Information is key in any business. You’re right that just looking at a computer is not going to help, but to get a plethora of information, you begin to limit risk. Sabermetrics is designed to attempt to quantify the un-quantifiable, too limit risk. What makes Epstein different from Beane (although, you have to believe Beane has evolved from the Moneyball days by now) is that he combines every single aspect they can find with a heavy emphasis on philosophy guys (prefers college players that are disciplined, with power).

            It’s no magic elixir and Epstein is no Messiah, but combined with scouting, the Epstein-Cubs marriage will be a long way ahead of where we’ve been.

          • paulcatanese

            Well you answered what I had posted below. It’s a long way from the bird dogs that I was familiar with when I signed and a long way from my son when he signed and a scout sitting on a chair along the right field line.Even a long way from just several years ago with the grandson (chose football instead).

  • John G

    I have to assume that, since we haven’t heard anything by now, there will be no announcement today and we wll probably have to wait until the WS is over, which should only be 3 more days.

  • Tom U

    I’m sorry that I don’t the answer to this question, so if someone out there can help, it would be appreciated.

    If a player that goes to Boston in compensation is playing in the AFL, will that player go to the Scottsdale Scorpions (Boston’s AFL team) or remain with Mesa?

    Thanks for your help.

    • http://chicagocubsonline.com/ Neil

      Tom, the player would move teams in the AFL.

      • Tom U

        Thanks Neil

  • http://chicagocubsonline.com/ Neil

    From the Boston Globe:
    Nick Cafardo

    Bud Selig has stayed out of
    Theo Epstein talks between Red Sox and Cubs. Compensation deal not done
    but lots of optimism that it will.

  • http://chicagocubsonline.com/ Neil

    From Kaplan: Hearing that no compensation will be required to bring Jed Hoyer over from San Diego.

  • http://chicagocubsonline.com/ Neil

    Cubs in AFL (10/21): Junior Lake (DH): 2-for-4, 2B, RBI, R, SB; DJ LeMahieu (3B): 2-for-4, 2B, 2 RBI

  • http://chicagocubsonline.com/ Neil

    From Comcast SportsNet: There is optimism on Cubs ide that several issues have been resolved in Epstein talks, though deal is not yet complete.

  • paulcatanese

    Someone enlighten me, what exactly will Epstein do? Will he go out and actually scout or look at a prospect before signing him? Will he have scouts that look at the player? Who decides how much the player will command? Will he simply look on the computer and decide? Does he hire people to do all of that and then decide based on what he is told?And if he is President what is his role? Does he depend on the GM he brings with him that depends on the others to inform the GM who informs Epstein?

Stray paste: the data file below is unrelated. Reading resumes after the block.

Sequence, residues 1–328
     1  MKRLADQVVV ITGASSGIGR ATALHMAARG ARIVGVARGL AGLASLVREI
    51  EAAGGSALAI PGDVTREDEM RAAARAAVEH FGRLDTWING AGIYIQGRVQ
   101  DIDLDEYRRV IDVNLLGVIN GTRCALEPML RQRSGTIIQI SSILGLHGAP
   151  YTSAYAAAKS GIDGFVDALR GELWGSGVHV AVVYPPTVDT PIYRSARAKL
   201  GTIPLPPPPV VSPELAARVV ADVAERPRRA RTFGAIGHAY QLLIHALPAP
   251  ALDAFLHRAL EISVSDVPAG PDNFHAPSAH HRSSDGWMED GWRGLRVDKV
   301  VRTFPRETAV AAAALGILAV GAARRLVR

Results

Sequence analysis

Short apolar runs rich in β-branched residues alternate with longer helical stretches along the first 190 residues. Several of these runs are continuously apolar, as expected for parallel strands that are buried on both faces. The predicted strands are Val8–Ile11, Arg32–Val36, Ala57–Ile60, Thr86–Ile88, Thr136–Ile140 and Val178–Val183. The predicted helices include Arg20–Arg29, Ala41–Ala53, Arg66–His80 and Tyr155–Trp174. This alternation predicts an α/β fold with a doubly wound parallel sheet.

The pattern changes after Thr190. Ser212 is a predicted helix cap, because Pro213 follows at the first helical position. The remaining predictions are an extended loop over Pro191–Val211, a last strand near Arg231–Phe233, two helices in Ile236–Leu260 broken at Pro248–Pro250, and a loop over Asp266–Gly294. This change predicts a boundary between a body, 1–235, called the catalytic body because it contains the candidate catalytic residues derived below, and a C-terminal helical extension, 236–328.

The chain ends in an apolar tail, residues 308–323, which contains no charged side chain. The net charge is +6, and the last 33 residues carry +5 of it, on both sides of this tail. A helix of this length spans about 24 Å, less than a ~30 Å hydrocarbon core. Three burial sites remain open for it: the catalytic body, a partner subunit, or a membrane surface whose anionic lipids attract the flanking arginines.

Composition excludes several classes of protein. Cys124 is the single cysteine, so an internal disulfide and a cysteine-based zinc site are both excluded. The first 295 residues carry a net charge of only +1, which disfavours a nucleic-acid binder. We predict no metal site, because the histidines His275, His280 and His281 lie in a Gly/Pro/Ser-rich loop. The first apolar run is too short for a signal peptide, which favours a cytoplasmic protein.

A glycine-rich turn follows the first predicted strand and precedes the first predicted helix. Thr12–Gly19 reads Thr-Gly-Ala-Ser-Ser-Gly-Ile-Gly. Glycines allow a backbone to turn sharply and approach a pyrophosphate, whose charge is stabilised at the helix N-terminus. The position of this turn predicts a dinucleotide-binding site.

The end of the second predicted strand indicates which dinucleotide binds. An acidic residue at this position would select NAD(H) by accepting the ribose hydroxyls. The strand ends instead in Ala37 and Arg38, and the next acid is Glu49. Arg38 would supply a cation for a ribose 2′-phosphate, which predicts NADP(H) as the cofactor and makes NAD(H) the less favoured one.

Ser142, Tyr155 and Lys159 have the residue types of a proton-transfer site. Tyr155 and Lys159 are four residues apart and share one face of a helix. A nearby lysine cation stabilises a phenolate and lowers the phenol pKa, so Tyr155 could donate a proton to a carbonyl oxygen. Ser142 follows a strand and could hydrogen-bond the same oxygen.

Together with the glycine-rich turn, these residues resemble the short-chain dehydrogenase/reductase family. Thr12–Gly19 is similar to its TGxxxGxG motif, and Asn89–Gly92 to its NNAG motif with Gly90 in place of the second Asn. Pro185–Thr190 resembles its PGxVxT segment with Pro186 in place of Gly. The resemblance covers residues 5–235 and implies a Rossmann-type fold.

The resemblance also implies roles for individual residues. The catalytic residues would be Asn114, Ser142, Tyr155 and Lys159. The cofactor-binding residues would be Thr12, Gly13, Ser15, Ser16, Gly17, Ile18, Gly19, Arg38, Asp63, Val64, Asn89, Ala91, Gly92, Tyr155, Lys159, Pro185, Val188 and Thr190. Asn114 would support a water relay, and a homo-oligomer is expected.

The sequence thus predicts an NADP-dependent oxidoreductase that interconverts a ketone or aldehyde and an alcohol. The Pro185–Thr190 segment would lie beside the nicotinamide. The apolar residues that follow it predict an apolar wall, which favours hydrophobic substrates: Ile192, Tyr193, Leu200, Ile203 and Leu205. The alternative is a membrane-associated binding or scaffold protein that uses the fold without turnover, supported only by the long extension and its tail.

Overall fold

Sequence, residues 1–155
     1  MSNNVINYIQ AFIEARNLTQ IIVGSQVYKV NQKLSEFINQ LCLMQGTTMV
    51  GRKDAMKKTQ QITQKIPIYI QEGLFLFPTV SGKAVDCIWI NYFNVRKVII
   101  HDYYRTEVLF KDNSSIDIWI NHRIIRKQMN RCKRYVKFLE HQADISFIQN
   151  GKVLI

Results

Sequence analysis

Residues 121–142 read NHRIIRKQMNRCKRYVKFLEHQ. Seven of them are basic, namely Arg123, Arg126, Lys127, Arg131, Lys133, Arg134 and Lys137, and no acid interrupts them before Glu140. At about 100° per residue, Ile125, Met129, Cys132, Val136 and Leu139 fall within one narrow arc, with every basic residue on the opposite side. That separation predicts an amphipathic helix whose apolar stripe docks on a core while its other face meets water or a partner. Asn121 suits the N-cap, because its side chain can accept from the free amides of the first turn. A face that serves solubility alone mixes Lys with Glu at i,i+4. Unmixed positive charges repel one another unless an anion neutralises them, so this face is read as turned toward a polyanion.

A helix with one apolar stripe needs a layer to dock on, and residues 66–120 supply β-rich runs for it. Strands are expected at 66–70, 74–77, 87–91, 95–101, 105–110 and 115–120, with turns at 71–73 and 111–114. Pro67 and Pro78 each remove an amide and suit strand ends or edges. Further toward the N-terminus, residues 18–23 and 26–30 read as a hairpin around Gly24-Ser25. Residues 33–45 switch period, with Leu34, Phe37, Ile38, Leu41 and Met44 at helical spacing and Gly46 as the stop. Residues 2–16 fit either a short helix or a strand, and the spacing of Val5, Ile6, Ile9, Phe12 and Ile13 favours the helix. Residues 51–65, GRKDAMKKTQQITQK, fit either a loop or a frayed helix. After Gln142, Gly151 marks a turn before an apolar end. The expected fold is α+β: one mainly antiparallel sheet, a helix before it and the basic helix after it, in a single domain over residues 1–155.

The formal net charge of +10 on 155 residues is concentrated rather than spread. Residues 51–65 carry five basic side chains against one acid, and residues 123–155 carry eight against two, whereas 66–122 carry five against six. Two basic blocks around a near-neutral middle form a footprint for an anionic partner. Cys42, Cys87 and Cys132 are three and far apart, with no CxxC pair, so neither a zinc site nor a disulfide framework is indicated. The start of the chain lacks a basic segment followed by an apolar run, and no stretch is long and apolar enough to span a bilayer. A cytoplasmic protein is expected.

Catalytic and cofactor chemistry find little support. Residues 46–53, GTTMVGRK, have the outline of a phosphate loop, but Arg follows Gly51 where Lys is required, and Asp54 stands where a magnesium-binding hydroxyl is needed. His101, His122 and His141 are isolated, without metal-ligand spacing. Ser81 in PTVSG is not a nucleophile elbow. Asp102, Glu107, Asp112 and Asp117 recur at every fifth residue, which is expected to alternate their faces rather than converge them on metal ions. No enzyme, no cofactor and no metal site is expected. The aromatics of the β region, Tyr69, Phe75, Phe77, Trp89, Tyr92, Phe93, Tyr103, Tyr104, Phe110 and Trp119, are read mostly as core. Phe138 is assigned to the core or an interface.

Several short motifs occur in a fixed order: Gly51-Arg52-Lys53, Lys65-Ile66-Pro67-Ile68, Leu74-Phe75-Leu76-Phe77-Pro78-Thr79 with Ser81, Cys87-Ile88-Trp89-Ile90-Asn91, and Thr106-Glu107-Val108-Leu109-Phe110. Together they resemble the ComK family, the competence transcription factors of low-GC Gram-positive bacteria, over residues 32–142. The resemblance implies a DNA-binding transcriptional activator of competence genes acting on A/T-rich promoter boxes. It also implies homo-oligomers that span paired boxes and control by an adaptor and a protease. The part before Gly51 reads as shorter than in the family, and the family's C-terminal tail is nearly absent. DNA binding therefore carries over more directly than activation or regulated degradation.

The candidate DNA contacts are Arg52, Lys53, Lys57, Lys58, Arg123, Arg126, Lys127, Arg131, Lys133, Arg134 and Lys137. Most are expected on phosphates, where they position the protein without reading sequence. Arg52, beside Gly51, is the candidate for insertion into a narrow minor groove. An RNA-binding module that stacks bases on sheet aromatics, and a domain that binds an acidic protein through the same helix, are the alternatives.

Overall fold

• Tony_Hall

      I will try to answer all of your questions.

      Run all Baseball Operations.
      Theo and Company.
      Yes at times.
      Yes at times.
      Oversee all aspects of Baseball Operations from the minors to the majors.

      I think I got them all.

    • Bobby P

      If I had written it here, the text wouldn’t have been so compressed. Sorry, missed that.

      But yeah, I’m not saying scouts are useless. It’s hard to find guys without scouts, obviously. You can let an intern sit there for 10 hours a day reading college statistics, but that’s not a good use of resources.

      I’m a big believer in getting scouts that buy into your philosophy and then use those scouts heavily. Sabermetrics is a good way to sort out the pile of prospects. I don’t know if you saw Moneyball, but in that movie they had a scene when they put together the team for 2002, albeit hideously dramatized, where Billy Beane just mentions names the scouts either don’t know or think is trash. [Funny note, half of the guys in that scene are actual baseball scouts]

      It didn’t quite work that way in reality however, or at least from what the book describes. You use sabermetrics to weed out players, then scout them more, weed out some more, and hopefully you’ll end up with then next Jacoby Ellsbury or Dustin Pedroia. But nothing is a sure thing.

    • studio179

      In a nutshell, Ricketts has baseball people watching his baseball people.

      • paulcatanese

        Are you sure we arent talking about “Casino”? Exactly the way Deniro would do it.

        • studio179


  • Dorasaga

    Just off-topic. I read the book “Moneyball” six years ago, and had not revisited the book since. But my favorite part of the story was when Jamie Moyer pitched to Hagsburg (that A;s first baseman converted from a catcher)).

    Moyer made a surprising gesture, made an offer to Hasgburg: Where do you want me to pitch? There is so many psychology of major leaguers described in it, within ONE plate appearance. I thought that is fascinating.

  • http://chicagocubsonline.com/ Neil

    Collecting info. Theo deal is done. Press conference set for Tuesday

    • Dorasaga

      Thanks, Neil. You’re the best.

  • cornerlots baseball

    Epstein—Hoyer—McLeod. Good winning combination for the Cubs. How about Sandberg for manager?